Bereavement doulas serve mothers who are going through labour when their baby has died or they are undergoing a medical termination. The doula will stay with the couple during the birth and then provide continued support once the mother is discharged from hospital. This support makes a significant difference in the couples grieving process as well as helps eliminate other stressors that may make the process more traumatic.


Who recommends Doula Support?

Continuous birth support isn’t just a passing “birthing fad” but rather is documented and recommended by large reputable organizations around the world. The World Health Organization and the Better Births Initiative recommend the presence of a doula or additional birth support during labour. The National Institute for Health and Care Excellence (NICE Guidelines) encourages birth companions and also encourages interaction between health care professionals attending the birth and the birth companions to facilitate the best possible support for the birthing mother. Although NICE are United Kingdom Guidelines they have become widely respected around the world as standards for good practice. The American Congress of Obstetricians and Gynaecologists recommends continuous birth support during labour. The South African Department of Health ‘Maternal Care Guidelines’ recommends companionship during labour that is not limited to one person. Some of our large private hospital groups in South Africa “welcomes” the use of doulas but this isn’t necessarily happening in individual hospitals around the country.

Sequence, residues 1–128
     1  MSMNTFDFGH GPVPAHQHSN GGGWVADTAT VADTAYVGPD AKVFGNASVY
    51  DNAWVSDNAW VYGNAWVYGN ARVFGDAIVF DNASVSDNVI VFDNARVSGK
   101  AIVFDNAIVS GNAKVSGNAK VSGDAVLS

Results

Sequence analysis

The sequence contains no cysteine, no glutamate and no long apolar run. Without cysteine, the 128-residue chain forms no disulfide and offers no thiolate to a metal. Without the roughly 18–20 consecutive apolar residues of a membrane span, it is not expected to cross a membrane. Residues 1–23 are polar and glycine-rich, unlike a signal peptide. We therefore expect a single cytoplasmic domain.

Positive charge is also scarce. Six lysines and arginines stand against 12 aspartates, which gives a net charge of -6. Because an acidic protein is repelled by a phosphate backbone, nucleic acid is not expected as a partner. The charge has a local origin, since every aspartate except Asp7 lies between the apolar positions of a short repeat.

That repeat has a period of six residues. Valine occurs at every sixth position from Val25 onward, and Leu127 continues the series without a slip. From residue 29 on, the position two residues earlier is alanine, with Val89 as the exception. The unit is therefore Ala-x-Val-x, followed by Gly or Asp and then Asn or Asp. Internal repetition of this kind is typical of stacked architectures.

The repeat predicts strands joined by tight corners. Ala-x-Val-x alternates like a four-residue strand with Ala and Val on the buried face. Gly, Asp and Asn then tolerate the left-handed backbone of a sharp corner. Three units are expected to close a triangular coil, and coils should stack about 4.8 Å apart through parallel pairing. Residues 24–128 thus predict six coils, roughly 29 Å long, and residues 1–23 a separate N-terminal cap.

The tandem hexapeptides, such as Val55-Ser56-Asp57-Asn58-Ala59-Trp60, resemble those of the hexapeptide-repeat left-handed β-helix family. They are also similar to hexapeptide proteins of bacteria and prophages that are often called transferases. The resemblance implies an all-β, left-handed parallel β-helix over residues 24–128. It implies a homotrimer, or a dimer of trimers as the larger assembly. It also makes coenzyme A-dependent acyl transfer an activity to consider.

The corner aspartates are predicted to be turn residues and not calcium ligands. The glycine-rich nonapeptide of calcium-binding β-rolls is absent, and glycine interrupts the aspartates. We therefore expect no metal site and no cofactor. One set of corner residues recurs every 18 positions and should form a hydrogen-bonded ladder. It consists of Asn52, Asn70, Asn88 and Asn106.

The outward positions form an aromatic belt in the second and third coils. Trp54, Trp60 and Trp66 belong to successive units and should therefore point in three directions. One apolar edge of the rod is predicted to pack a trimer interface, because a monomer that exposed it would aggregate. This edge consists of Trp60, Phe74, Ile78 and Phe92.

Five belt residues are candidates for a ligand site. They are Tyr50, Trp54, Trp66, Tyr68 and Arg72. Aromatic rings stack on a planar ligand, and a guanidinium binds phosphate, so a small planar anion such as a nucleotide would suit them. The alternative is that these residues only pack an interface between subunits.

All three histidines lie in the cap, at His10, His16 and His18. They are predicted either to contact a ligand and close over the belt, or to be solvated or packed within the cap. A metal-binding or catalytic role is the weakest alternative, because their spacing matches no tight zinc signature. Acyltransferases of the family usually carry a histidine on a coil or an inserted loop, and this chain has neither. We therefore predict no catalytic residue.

Of course the major doula organizations in South Africa also encourages using a doula during birth (DOSA – Doula’s of Southern Africa and WOMBS – Women Offering Mothers Birth Support).

So to finish off where we started, having a doula at your baby’s birth can make a significant difference in how the day turns out and what special memories you have to look back on. I think of Doula’s like wedding planners – without audio headsets – they’re behind the scenes helping to make the day the best possible day for you, your partner and your baby. Memories that you will still be recounting 40 years later.